Community Development
 

Chancellor's Parashah Commentary

Yom Kippur 5759

Ismar Schorsch is the chancellor of The Jewish Theological Seminary.

To fast for a day is not what makes Yom Kippur difficult for us. Fasting gets easier with age. The real challenge of Yom Kippur is to do without the distractions to which we are addicted. Ours is a society that abhors silence. We jog with earphones, run with music, fly with movies and even entertain company with the television droning in the background.

In contrast, Yom Kippur asks us to take refuge in the silence of our inner selves. As the cacophony of distractions wanes, we begin to feel the yearnings of our repressed souls: "Like a hind crying for water, my soul cries for You, O God; my soul thirsts for God, the living God; O when will I come to appear before God (Psalm 42:2-3)!" We are more than our appetites and belongings, our ambitions and achievements. We also bear within us a touch of transcendence that has the power to sustain and ennoble us.

In 1949 Abraham Joshua Heschel delivered a Hebrew address to an assembly of Orthodox day school principals entitled "Pikuah Neshama (To Save a Soul)." It is an early and exquisite distillation of his understanding of Judaism. The title, pointedly modeled on the traditional halakhic phrase pikuah nefesh (to save a life), vibrates with resonance. The latter refers to the principle that in moments of mortal danger all the Sabbath's restrictions are to be set aside. Human life is the supreme value. Heschel's arresting parallel is meant to convey that the supreme purpose of Judaism is to cultivate the inner life. Our souls also need attention. "...the life of a Jew requires focus and direction, and cannot be carried out offhandedly (Heschel, Moral Grandeur and Spiritual Audacity, ed. by Susannah Heschel, p. 55)."

Without inwardness our lives are stripped of true nobility. "What is the meaning of nobility?" Heschel asks. "A person possessing nobility is one whose hidden wealth surpasses his outward wealth, whose hidden treasures exceed his obvious treasures, whose inner depth surpasses by far that which he reveals. Refinement is found only where inwardness is greater than outward appearance. The hidden is greater than the obvious, depth greater than breadth. Nobility is the redeemed quality which rises within the soul when it exchanges the transient for the permanent, the useful for the valuable (p. 56)."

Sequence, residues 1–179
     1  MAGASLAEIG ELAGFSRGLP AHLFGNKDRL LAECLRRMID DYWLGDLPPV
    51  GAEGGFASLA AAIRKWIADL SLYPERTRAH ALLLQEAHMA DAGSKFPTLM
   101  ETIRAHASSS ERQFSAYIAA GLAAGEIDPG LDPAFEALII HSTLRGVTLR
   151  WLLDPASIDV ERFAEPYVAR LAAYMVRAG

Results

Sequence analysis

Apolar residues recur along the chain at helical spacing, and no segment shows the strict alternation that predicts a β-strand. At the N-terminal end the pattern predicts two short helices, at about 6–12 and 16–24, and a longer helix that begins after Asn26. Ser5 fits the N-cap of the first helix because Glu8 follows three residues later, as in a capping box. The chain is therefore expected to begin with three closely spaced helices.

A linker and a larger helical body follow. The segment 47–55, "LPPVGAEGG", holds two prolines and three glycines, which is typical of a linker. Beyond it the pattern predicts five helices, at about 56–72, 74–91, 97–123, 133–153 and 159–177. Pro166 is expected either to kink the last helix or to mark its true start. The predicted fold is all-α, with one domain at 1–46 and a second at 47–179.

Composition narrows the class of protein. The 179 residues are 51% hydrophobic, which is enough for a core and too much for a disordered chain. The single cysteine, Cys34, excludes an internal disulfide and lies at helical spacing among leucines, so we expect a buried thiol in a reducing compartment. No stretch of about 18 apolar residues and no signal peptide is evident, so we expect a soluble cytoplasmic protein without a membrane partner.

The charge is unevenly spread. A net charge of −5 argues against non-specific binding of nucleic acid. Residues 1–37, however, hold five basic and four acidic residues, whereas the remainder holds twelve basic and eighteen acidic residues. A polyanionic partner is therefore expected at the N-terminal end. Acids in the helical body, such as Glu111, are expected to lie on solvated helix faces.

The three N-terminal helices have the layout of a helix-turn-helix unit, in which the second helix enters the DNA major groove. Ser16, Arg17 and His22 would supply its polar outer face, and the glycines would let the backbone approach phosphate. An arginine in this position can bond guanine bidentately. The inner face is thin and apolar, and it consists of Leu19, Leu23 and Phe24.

The intensity of Heschel's piety is surely in order for us on Yom Kippur when we reach for eternity, not via the roar of a spaceship but the reverberations of our souls. It is the speck of divinity which resides at the core of our being and strives to be restored to its ultimate source, the Source of All Being. In the 11th century, the gifted Spanish Jewish poet and philosopher Solomon Ibn Gabirol, who died at age 37, called God in a striking formulation "the Soul of All Souls (neshama lineshama)." The linkage is indelible and inextricable. The universal human quest for God is rooted in that spiritual patrimony. And the purity of our soul derives from its origin, a conviction which we affirm each morning at the beginning of our prayers. In a remarkable flight of religious imagination, the rabbinic authors of the Siddur set forth the six stages of the trajectory of the human soul. "The soul which You, my God, have given me is pure. You created it, You formed it, You breathed it into me; You keep body and soul together. One day You will take my soul from me, to restore it to me in life eternal (Siddur Sim Shalom pp. 9-11)."

The sequence of six successive verbs in the Hebrew (preserved by Rabbi Jules Harlow in translation) captures the unbroken relationship between the soul and God. The soul embarks on its earthly journey by being separated from God and then endowed with individuality. Thereafter God inspirits it into one of us at birth, giving rise to a singular expression of human life. The process is repeated daily. At night the soul returns to its divine soulmate, to be mercifully restored to us again in the morning, and hence the occasion for this thanksgiving prayer. Death, which is traditionally defined by the cessation of breathing, marks the final departure of our soul in its earth-bound form. But the rupture is not permanent. In the life-to-come, as our souls are reabsorbed by God's all-encompassing Being, they are reattached to a semblance of our bodies for eternity.

The power of this conception of human life is that it makes us part of something infinitely greater than ourselves. For a fleeting moment we become the vessel of a spark of pure spirit, like a light bulb turned on with the flick of a switch. The electricity which flows through the circuit existed before the light went on and will not vanish after it goes out. The bulb is no more than one tiny fragment of a vast system of industrial energy.

Every one of us carries a deposit of ultimate worth. To save our soul, not in the sense of eternal salvation but spiritual nourishment, is the prerequisite for saving the life of another human being. Oblivious to the affinity between the human and the divine in each of us, we would not lift a finger to improve the welfare of our neighbors, near or far. May the insight that comes from the observance of Yom Kippur inspire us to reach for loftier standards of piety and ethical behavior in the year to come.

A good finish and an easy fast,

Ismar Schorsch

The publication and distribution of Chancellor Schorsch's commentary on Yom Kippur are made possible by a generous grant from Rita Dee and Harold (z"l) Hassenfeld.